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March 20, 2023

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COVID, respiratory illnesses falling in Clark County

But residents urged to get vaccinated to prevent resurgence

By , Columbian staff reporter

Last month, it felt like everyone was coming down with some sort of respiratory illness — and many people were, as the nation was hit with a triple whammy of respiratory viruses.

But since 2023 began, rates of COVID-19, flu and respiratory syncytial virus have been declining, though health officials still urge residents to get vaccinated and do their part to keep the community safe.

COVID-19 and the new variant

Local data continues to show a decline in recorded COVID-19 cases, which is a trend mirrored around the country. As of Jan. 26, the seven-day case rate per 100,000 people was at 43.3, down from 55.7 the week before, according to Dr. Alan Melnick, director of Clark County Public Health, though he cautions the number is likely an undercount due to unreported at-home testing.

“The good news is … all these infections seem to be decreasing,” Melnick said. “The bad news about that is that there is a new variant called XBB.1.5.”

The omicron subvariant XBB.1.5 accounted for 61.3 percent of reported cases the week of Jan. 22 to Jan. 28 in the United States, up from 49 percent the week before and 37 percent the first week in January, according to the Centers for Disease Control and Prevention.

CDC data shows lower rates in Washington, Oregon and Idaho, with 20.3 percent of cases in that region coming from XBB.1.5, but the new variant is considered the most transmissible strain so far, according to Melnick. Though it is still in the early stages of developing, the data seems to suggest that the bivalent booster is effective against XBB.1.5.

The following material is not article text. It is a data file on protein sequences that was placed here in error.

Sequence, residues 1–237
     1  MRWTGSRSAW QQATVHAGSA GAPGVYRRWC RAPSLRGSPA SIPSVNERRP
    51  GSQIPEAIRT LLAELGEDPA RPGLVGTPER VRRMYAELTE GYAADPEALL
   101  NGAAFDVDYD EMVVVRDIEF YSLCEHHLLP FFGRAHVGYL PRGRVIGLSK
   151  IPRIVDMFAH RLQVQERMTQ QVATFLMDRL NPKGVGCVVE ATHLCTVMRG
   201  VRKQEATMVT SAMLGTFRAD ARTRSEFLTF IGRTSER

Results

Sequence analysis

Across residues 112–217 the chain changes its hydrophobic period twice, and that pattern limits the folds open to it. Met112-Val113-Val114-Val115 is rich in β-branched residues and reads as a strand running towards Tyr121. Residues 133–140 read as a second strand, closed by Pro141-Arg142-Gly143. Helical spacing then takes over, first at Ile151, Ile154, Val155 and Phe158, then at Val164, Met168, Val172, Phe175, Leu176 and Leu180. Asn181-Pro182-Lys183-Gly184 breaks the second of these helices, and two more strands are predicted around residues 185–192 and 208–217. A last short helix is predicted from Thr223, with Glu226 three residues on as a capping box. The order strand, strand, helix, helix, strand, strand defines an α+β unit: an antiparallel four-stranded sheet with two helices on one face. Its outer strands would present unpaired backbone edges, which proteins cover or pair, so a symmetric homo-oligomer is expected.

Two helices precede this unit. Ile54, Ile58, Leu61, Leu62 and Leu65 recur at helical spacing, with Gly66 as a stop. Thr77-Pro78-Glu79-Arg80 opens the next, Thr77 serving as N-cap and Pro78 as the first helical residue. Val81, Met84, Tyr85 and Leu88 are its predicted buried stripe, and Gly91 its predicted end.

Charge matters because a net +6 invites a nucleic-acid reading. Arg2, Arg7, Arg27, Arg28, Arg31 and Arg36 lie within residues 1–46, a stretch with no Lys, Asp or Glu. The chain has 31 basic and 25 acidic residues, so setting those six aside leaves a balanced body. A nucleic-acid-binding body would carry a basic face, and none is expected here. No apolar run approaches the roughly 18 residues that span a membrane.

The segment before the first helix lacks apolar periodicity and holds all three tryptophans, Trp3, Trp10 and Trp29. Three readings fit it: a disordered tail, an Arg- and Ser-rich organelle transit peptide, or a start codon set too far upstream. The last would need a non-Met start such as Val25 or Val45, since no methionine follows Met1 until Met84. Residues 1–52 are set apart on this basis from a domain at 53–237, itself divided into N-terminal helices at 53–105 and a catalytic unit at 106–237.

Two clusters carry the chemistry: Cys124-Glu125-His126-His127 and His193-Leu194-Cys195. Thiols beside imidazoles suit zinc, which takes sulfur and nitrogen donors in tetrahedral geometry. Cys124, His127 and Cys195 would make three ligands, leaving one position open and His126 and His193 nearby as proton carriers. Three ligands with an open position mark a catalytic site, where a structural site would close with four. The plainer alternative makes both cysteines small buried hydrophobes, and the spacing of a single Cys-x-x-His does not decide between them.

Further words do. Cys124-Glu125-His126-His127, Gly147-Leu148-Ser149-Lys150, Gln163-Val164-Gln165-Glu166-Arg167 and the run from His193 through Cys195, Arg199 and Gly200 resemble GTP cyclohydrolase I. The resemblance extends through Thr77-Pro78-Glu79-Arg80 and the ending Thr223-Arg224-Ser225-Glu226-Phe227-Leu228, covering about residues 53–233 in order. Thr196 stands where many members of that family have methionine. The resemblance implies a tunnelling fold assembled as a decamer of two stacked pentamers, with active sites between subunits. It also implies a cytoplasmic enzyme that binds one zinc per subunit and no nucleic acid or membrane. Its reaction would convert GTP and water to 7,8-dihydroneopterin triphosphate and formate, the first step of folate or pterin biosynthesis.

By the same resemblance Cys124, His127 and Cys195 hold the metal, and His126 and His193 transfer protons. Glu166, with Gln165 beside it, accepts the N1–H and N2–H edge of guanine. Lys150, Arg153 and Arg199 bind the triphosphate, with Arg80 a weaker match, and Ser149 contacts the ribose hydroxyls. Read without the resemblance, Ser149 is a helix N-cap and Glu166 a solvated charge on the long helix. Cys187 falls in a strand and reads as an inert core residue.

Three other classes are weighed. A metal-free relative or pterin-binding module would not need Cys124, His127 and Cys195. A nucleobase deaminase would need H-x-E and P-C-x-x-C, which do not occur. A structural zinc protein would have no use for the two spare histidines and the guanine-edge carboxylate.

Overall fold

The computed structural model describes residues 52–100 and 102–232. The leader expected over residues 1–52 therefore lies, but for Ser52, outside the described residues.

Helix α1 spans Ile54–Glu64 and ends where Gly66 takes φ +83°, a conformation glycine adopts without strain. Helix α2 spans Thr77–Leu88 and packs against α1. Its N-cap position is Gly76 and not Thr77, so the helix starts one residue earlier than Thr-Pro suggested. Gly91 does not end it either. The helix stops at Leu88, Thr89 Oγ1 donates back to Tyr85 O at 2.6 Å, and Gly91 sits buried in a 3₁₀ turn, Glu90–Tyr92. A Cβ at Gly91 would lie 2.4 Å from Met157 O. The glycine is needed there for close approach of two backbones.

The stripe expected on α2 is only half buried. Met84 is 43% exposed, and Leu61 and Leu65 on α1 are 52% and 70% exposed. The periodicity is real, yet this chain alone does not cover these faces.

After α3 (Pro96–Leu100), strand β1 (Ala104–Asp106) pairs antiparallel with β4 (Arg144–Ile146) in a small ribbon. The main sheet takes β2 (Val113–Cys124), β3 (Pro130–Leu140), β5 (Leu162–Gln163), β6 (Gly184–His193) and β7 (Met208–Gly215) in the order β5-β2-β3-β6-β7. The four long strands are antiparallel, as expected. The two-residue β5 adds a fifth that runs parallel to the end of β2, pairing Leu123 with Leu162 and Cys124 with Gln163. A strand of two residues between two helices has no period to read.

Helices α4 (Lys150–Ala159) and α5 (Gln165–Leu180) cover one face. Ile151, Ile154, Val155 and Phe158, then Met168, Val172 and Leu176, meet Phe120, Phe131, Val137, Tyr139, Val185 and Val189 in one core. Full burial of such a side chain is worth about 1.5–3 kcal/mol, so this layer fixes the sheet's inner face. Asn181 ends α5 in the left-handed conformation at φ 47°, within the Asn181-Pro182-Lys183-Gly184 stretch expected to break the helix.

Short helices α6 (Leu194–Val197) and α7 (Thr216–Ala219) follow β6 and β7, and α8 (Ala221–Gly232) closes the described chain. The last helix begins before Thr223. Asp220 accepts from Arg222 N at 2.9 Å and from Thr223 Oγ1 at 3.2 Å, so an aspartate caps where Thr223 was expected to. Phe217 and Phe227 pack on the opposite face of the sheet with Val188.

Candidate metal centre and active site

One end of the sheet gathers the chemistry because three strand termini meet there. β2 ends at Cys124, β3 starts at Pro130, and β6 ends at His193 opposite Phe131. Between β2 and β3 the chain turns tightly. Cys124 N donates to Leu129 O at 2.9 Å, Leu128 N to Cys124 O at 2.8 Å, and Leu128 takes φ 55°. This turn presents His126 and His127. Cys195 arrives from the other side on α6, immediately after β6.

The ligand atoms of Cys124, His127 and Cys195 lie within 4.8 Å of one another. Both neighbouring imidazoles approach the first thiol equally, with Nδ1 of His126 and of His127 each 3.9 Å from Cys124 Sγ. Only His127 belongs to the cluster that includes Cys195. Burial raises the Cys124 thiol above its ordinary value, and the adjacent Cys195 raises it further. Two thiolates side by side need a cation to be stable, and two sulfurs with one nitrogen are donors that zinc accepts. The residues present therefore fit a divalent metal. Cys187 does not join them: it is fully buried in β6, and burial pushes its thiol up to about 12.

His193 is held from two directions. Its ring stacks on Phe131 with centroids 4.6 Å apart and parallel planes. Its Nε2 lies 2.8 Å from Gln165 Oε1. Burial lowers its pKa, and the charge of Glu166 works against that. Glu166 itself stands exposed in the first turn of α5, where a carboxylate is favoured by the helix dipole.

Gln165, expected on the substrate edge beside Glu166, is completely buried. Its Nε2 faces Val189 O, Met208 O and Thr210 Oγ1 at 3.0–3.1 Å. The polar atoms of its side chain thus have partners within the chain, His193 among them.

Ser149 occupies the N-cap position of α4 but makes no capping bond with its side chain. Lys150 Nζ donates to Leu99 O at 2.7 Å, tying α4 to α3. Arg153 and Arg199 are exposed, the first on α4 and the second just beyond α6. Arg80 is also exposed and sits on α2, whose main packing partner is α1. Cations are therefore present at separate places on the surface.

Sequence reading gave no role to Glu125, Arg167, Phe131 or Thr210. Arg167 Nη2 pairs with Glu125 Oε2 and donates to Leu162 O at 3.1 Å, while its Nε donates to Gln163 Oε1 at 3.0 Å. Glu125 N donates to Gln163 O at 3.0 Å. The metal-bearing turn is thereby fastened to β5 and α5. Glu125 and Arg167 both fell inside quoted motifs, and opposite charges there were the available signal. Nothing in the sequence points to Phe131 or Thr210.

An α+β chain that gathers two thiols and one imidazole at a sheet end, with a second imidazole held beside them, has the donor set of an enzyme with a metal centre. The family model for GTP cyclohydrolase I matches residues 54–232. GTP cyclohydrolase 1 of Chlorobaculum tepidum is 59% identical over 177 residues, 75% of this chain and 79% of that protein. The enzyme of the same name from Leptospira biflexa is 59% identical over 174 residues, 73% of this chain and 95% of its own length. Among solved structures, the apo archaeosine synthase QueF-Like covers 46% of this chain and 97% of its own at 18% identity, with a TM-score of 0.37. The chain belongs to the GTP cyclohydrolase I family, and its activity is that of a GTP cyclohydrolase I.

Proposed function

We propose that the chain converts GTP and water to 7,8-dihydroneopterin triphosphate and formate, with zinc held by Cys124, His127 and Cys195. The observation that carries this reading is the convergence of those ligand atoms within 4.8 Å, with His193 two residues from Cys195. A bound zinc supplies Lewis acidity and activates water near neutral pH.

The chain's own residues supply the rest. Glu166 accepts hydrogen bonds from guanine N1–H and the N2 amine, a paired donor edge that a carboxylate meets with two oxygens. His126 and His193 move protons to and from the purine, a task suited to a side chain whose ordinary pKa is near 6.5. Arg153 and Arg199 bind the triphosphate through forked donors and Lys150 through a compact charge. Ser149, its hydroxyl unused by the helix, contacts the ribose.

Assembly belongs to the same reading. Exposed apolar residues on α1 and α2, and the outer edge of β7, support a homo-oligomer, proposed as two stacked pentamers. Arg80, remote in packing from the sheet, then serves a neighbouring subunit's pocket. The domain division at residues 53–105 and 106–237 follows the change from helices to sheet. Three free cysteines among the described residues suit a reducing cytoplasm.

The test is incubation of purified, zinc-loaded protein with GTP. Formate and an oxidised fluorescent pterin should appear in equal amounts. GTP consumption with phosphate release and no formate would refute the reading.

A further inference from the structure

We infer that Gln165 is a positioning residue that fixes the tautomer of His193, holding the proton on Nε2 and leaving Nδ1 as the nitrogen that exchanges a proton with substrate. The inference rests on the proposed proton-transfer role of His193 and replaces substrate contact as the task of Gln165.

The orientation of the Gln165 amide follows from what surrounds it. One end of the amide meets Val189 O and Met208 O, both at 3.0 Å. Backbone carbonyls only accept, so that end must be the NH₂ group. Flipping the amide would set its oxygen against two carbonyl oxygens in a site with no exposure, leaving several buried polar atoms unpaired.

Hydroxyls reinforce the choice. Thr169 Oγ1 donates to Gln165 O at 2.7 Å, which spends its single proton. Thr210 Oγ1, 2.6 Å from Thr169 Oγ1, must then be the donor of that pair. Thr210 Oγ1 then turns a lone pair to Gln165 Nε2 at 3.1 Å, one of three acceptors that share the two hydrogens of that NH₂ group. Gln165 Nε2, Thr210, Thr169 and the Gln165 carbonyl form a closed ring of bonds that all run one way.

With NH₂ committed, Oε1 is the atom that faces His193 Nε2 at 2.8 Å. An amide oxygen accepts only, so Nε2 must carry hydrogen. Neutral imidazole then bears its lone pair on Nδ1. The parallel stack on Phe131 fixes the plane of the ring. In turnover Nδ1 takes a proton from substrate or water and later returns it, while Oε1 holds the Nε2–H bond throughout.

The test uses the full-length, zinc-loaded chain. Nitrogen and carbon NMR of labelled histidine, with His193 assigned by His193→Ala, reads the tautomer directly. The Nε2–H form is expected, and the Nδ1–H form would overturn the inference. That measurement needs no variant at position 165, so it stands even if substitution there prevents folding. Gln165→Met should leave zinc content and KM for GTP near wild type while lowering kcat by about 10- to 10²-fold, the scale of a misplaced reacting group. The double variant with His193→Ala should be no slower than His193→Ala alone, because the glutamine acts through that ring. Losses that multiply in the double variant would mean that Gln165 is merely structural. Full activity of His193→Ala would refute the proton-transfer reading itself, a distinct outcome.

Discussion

Melnick cannot stress enough the importance of getting an updated vaccine to prevent the spread of the COVID-19 virus, he said. The case rate of the virus is anywhere from 1.8 to 2.4 times higher in unvaccinated individuals, according to Melnick. On top of that, the hospitalization rate for unvaccinated individuals is between 2.6 and 3.5 times higher than vaccinated individuals and the death rate is 4.1 times higher than in vaccinated people.

“We know that the vaccine is effective in preventing infections,” Melnick said. “So get your COVID vaccine booster.”

Currently, only 28 percent of the eligible population over 5 years old in Clark County has received an updated bivalent booster, according to the latest Clark County Public Health data.

Is flu season over?

As of the third week of 2023, Jan. 15 to Jan. 21, reports are showing minimal flu activity, according to the latest Washington State Department of Health data. Only 1.6 percent of flu tests came back positive, down from 2.3 percent the week before, 5.6 percent the first week in January and 10.1 percent the last week of 2022, according to the report.

Flu season is defined by two consecutive weeks of 10 percent or more positive flu cases. Just because the county is not currently in a flu season, Melnick urges everyone to get a flu vaccine because it is possible there will be a resurgence in cases.

“Technically, we’ve been below 10 percent for a couple of weeks,” Melnick said. “But if you look at previous years … it was coming down and then went back up again.”

This flu season is unusual, according to Melnick, following a two-year hiatus without any detectable flu virus.

Currently, the majority of positive flu cases are type A.

Help keep the community safe

Even if the county is not technically in a flu season, seeing a high RSV caseload or many reports of COVID-19, Melnick and other health officials urge the community to take steps to reduce the spread of any respiratory illness.

If you are sick, stay home from work or school. Wash your hands often with soap and water. Cover your cough. Consider wearing a mask in indoor crowded spaces. Most importantly, get vaccinated against both the flu and COVID-19, according to Melnick.

If you test positive for COVID-19 with an at-home test, health officials ask that you report it to the state’s COVID-19 hotline at 1-800-525-0127. For more information on where to schedule a vaccine or booster, visit